Fiscal Health, Business Costs Sink Forbes Ranking


Connecticut fell four spots to 43rd overall in the latest annual Forbes Best States for Business rankings.
That decline reflects the state’s ongoing fiscal challenges, high business costs, and economic struggles.
Forbes 2016 Best States for Business“The Nutmeg State rates fifth overall in quality of life thanks to low crime and poverty rates, a healthy populous, and strong schools,” the business magazine said in its 2016 report.
“But the regulatory climate and fiscal health rank among the worst in the nation.”
Forbes measures six key areas when compiling its best states list: business costs, labor supply, regulatory environment, economic climate, growth prospects, and quality of life.
Connecticut ranked in the bottom 10 in three of those areas in 2016, with one top 10 rank for quality of life.
The state has the sixth highest business costs (unchanged from last year) which include energy, labor, and taxes. Only Vermont, Hawaii, New Hampshire, New Jersey, and Massachusetts have higher costs.
The cost of doing business in Connecticut is 10.4% higher than than the national average, Forbes said, due in large part to energy costs, which are 59% higher.

Economic Struggles

Forbes ranked the state’s regulatory environment (including labor regulations, healthcare mandates, licensing, tort system) 46th, down five spots from 2015.
Our economic climate, measured by job, income, and gross state product growth as well as average unemployment over the past five years, was slightly improved at 43rd, although second worst among the New England states.
After a strong start, Connecticut’s job growth has slid precipitously in the second half of the year, with the state losing 14,900 jobs since June.
At 12th among all states, Massachusetts’ economy ranked best in the region. Vermont’s economy was 46th, worst in the region.

Connecticut's regulatory climate and fiscal health rank among the worst in the nation.

Connecticut’s growth prospects fell 11 spots to 40th this year. That category reflects employment, income, and gross state product growth forecasts over the next five years, as well as capital investments and business openings and closings.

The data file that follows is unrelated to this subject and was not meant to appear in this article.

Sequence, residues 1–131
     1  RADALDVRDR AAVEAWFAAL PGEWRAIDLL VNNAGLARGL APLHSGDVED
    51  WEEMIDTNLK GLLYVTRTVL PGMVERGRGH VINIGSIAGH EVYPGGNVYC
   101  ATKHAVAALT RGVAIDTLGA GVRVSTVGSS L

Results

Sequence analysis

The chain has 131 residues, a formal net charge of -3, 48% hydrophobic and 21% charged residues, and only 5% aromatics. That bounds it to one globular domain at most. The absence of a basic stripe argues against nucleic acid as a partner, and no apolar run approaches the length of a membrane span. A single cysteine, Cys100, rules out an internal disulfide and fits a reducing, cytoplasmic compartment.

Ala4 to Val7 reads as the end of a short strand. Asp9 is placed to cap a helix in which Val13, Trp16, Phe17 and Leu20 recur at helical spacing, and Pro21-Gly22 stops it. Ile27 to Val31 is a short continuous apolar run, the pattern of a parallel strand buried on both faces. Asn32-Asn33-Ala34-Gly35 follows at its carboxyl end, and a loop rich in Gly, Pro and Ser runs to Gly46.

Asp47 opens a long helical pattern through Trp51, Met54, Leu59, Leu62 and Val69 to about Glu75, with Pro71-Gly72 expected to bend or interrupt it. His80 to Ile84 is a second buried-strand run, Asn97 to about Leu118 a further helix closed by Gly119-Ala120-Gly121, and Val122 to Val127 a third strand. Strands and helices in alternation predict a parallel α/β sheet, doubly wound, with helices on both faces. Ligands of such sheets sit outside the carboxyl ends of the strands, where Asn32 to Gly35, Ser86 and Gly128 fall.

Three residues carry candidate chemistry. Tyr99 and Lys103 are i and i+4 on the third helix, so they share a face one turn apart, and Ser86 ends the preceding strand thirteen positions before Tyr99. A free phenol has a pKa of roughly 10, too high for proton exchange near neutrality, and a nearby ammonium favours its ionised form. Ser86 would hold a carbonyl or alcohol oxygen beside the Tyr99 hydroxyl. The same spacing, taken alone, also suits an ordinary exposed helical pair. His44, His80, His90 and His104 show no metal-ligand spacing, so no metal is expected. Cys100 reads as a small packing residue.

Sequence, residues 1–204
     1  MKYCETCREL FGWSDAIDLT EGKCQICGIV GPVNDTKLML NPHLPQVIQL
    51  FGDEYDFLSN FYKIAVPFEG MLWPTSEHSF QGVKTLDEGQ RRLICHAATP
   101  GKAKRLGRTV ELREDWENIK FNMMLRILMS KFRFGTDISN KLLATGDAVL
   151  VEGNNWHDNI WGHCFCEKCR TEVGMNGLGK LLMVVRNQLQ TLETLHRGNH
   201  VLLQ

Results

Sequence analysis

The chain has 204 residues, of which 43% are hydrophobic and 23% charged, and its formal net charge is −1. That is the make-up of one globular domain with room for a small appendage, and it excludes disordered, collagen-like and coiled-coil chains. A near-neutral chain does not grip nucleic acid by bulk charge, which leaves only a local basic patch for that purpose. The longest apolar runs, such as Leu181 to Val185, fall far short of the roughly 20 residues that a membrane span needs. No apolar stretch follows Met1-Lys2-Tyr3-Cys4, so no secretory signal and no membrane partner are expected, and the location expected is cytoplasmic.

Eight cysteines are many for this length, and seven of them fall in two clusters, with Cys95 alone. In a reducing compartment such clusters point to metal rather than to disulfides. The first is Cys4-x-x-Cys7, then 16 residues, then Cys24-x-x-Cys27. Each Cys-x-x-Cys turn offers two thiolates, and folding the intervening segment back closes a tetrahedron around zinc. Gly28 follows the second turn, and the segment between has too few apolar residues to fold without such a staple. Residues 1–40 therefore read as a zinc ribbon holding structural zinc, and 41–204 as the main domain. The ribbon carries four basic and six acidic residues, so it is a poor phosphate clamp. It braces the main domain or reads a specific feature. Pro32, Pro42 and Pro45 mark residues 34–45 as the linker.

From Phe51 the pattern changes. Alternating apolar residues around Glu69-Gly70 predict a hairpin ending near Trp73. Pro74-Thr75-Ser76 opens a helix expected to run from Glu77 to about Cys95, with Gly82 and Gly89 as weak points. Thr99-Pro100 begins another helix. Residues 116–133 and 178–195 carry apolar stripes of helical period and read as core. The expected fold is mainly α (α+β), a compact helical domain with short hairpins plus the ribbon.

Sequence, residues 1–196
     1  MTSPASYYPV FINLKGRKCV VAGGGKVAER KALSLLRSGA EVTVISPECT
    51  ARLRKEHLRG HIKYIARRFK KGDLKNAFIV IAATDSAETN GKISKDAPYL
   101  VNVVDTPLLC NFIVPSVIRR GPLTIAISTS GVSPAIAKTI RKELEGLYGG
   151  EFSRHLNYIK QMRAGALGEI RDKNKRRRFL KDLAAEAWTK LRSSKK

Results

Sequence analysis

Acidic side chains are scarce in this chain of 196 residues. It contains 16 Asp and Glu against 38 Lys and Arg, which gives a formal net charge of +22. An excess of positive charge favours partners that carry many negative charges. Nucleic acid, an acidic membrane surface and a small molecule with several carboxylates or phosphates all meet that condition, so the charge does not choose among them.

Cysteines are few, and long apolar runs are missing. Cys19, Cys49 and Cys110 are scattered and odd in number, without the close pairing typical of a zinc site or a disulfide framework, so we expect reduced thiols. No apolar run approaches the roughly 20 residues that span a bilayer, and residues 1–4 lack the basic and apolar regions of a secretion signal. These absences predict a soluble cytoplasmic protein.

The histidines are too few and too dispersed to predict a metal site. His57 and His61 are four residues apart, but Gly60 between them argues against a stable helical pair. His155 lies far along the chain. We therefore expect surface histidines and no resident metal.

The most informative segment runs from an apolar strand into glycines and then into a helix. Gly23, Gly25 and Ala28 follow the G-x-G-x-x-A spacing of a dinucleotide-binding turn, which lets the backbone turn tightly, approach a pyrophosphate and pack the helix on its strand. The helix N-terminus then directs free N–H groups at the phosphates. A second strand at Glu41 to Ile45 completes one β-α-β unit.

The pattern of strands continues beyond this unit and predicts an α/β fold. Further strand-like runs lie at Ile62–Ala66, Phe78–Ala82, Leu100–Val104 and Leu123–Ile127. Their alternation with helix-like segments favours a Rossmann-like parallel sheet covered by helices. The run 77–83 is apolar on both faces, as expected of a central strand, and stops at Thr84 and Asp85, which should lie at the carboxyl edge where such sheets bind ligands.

Forbes now ranks Connecticut at 33rd for labor supply (down from 25th last year), which factors net migration, high school and college graduation rates, and projected population growth.
The state’s quality of life–measuring crime data, cost of living, education, and health and wellness–was ranked fifth (down from fourth last year).
Median household income rose 5% to $71,346. The percentage of high school students who attend college remained unchanged at 38%.
The latest Forbes’ rankings follow CNBC’s annual America’s Top States for Business study, released earlier this year, which saw Connecticut fall 10 places to 43rd overall.
Like Forbes, CNBC ranks Connecticut poorly for the cost of doing business (47th).

Utah Top State

Utah topped the Forbes rankings for the third consecutive year, finishing in the top 10 in four of the study’s key categories, including growth prospects, regulatory environment, labor supply, and economic climate.
North Carolina remained in second with Nebraska unchanged at third, while Texas climbed two spots to fourth and Colorado remained in fifth.,
West Virginia was again ranked last. Maine, Mississippi, Alaska, and New Mexico rounded out the bottom five.
Rhodes Island, which ranked 46th in 2015, moved ahead of Connecticut to 42nd.
Michigan was the most improved of all states, climbing eight spots to 12th, while Kentucky had the biggest decline, falling nine places to 38th.


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